110. Rijke Tubes

Several large metal tubes ROAR impressively when held vertically over Meker burners. The heat maintains the open-end acoustic standing wave mode (about 100 Hz).

A "Magic" Rijke tube has a wire gauze inside about one quarter the way from the bottom. Keeping the gauze concealed from the class, heat it red hot by holding it over a Meker burner on the floor. The tube will ROAR for some time after being removed from the flame from the stored heat. You can "tip the sound out" by tilting the tube horizontal, or block it by placing the lower end on the floor, and the ROARing will restart when the tube is vertical away from the floor if the gauze is still hot. Also, if you "tip the sound out", and then run across the classroom with the tube horizontal, bottom first, the ROARing will restart.

Heat up the magic Rijke tube, hold it away from the flame so it ROARS with the retained heat, and hold the normal tube over the flame. The tubes beat in their ROARing since, although they have the same lengths, they have slightly different diameters.


Rijke Tubes and Variable Stars
Similar to the standing sound waves exhibited in the case of the Rijke tubes, the pulsation mechanism for variable stars such as the Cepheids can be understood as a resonance of pressure waves of a particular period in the interior of those stars.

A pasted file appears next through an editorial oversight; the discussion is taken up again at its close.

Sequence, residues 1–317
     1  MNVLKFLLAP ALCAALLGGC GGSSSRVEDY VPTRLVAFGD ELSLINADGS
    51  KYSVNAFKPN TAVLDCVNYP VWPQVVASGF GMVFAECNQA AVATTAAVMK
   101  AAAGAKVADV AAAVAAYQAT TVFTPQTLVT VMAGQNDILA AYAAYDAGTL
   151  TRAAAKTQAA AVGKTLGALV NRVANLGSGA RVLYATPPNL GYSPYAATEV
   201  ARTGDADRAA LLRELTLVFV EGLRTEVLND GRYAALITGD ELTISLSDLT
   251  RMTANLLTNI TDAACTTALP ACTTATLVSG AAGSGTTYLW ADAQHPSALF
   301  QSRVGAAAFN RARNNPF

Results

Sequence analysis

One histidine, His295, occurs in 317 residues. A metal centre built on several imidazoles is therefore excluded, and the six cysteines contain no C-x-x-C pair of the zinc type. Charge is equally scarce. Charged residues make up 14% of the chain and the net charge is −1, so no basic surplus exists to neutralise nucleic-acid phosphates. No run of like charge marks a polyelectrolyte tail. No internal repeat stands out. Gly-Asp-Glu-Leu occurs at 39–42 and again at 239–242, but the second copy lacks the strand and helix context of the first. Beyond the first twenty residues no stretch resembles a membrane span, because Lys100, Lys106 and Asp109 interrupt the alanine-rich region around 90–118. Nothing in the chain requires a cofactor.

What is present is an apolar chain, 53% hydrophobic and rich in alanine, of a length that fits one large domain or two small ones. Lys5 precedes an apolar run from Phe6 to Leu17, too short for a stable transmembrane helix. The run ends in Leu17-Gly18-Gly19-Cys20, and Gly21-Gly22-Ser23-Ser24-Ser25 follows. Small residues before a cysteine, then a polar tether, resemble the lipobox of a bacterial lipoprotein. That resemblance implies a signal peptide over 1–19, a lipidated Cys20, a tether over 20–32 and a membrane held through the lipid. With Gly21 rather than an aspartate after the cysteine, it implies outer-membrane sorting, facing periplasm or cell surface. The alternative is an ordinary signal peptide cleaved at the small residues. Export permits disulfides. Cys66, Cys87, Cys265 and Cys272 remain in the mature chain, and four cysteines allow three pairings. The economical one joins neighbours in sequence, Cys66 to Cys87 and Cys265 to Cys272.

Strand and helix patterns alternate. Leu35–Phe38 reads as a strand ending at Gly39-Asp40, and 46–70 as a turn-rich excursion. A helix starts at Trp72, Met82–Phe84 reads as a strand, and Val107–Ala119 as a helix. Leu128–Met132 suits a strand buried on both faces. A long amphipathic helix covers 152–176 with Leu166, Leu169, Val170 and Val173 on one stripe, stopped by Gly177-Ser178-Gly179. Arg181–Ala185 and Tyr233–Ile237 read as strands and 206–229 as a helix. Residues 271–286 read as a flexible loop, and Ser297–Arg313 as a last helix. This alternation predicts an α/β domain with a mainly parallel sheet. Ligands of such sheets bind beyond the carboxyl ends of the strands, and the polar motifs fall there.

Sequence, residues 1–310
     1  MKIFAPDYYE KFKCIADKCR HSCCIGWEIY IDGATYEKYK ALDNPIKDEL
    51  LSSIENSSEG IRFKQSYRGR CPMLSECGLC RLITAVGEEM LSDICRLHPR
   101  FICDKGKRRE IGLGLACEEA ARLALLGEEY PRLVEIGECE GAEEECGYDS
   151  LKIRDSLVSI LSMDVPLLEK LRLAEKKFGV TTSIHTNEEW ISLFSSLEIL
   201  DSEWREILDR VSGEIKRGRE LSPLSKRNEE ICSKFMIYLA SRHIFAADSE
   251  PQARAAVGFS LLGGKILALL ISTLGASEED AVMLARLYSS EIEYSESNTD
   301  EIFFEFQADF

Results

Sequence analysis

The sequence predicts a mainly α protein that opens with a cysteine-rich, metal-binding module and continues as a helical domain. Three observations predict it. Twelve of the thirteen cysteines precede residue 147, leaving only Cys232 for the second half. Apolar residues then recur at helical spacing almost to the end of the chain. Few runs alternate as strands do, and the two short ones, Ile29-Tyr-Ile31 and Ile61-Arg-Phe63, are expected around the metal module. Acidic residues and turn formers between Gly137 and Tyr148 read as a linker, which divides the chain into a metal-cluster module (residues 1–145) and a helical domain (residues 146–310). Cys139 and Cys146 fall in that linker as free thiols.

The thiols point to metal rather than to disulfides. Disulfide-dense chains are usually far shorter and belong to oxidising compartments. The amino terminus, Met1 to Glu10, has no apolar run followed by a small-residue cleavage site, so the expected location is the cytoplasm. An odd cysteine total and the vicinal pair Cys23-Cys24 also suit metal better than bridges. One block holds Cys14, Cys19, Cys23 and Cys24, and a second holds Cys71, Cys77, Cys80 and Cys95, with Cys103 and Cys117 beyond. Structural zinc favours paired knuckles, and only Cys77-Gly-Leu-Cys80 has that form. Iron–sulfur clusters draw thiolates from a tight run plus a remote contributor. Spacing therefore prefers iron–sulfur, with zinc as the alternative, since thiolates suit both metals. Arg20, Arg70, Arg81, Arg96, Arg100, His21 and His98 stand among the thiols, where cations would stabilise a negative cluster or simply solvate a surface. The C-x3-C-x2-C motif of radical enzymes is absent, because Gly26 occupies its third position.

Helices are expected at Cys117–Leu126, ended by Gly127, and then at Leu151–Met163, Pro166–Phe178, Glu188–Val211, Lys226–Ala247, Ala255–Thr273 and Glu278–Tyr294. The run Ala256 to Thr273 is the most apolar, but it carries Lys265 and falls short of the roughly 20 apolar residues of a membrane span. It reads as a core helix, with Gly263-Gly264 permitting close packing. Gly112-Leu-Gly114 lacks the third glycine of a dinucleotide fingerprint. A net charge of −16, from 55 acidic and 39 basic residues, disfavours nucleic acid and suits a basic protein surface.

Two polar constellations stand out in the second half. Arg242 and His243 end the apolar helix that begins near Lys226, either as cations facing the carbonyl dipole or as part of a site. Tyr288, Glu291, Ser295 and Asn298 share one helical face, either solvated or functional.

In the case of the Rijke tubes air can move in and out of both ends. A heated metal mesh placed a quarter of the way up from the bottom heats the air flowing past it. This flow of air is a combination of the convection current caused by the transfer of heat from the metal mesh and the sound wave that is set up for the condition of two open ends. For half of the oscillation cycle of the sound wave air moves in from both ends as it flows towards the center generating a pressure antinode (displacement node) there. Even though some of the air moving past the hot metal mesh has already been heated during the cycle prior to this, some additional cool air flows in, passing through it and acquiring thermal energy and further increasing the pressure, thus reinforcing the oscillation. For the remaining half cycle air passing by the metal mesh while flowing outward from the center of the tube is already heated and therefore energy transfer is minimal.

In the case of a Cepheid variable star, the partial ionization occurring in a He envelope allows for an increased opacity with increasing pressure, and is responsible for setting up the pulsation mode. The stage when the opacity is increasing corresponds to the part of the vibration cycle in the case of the Rijke tube when energy is transferred and the increase in pressure is amplified.

In both cases analogy can be drawn to an internal combustion engine.